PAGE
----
A Golden Age For CableTime Warner yesterday announced some weak quarterly financials, with earnings off 26 percent. But there was a big bright spot, the media conglomerate's cable networks like HBO and CNN, where profits were up 18 percent, led by advertising gains. There's a similar situation at NBC Universal, where ratings gains at Bravo (Runway, Top Chef), MSNBC (Keith Olbermann, Chris Matthews) and even the USA Network have formed a thick silver lining around the storm cloud that is the flagship broadcast network. The business-side gains add a financial dimension to the cable industry's creative golden age, described by the Times' David Carr in June and obvious to anyone with a smartly programmed DVR or Netflix queue. Cable is the swaggering golden child of television, and it's only going to get more confident, because the advertising model that's fueling all its fun happens to be perfect for a recession.

Once confined to HBO and then Showtime, top-shelf programming has spread to smaller networks like AMC, home to Mad Men, and even Lifetime, future host to Runway. Comedy Central's Jon Stewart and Stephen Colbert, with their fake news shows, have a level of influence that meets and even, at times, exceeds that of the broadcast news anchors.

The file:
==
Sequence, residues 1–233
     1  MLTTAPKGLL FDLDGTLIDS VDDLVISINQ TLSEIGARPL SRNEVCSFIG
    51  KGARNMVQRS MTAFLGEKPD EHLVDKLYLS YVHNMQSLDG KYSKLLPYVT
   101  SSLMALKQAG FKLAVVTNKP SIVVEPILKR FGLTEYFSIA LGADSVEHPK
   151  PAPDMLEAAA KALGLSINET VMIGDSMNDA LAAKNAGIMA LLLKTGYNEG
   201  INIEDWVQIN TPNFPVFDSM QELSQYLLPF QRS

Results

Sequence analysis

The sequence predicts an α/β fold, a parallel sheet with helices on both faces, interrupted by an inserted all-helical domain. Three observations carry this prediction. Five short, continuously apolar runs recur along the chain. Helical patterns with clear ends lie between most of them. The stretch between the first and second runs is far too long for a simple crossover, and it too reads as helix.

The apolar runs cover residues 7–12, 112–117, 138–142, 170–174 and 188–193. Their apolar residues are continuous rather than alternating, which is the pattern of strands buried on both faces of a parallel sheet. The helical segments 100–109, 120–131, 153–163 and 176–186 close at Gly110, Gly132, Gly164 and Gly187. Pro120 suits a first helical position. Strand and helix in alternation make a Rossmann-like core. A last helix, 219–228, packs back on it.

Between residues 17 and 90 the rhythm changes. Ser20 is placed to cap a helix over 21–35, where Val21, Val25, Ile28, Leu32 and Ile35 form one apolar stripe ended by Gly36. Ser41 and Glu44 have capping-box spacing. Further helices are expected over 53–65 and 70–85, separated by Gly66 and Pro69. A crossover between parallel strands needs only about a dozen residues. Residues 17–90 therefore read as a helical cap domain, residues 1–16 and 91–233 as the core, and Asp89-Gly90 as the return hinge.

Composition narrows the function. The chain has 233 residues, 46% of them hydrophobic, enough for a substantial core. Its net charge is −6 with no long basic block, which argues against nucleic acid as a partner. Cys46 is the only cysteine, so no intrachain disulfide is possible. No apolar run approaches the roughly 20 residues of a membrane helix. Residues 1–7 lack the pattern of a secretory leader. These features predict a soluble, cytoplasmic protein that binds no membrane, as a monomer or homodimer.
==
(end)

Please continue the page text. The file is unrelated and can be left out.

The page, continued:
As this process continues and even smaller networks come up with distinctive hits that grow their audiences — think TNT, FX, Sci Fi and the Food Network — cable will have achieved something of an advertiser's holy grail: Narrow targeting combined with deep reach, something never really possible on broadcast television and still being tinkered with online. The efficiency of advertising on these networks, by the way, happens to be quite attractive when you economy is slowly melting.

The cable boom will be pretty glorious, at least until advertisers wise up about how many viewers are digitally skipping right over their commercials, at which point product placement will poison all that creative fun, and everyone will be sad until the Sex And The City of iTunes comes along and moves the fun to yet another medium.



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Rick on Flickr)